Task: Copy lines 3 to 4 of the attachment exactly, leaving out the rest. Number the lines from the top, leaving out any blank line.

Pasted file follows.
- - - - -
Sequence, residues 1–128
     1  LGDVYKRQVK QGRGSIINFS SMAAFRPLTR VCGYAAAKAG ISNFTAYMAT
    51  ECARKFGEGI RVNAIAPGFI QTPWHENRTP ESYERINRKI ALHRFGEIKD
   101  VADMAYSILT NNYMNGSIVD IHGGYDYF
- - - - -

    51  ECARKFGEGI RVNAIAPGFI QTPWHENRTP ESYERINRKI ALHRFGEIKD
   101  VADMAYSILT NNYMNGSIVD IHGGYDYF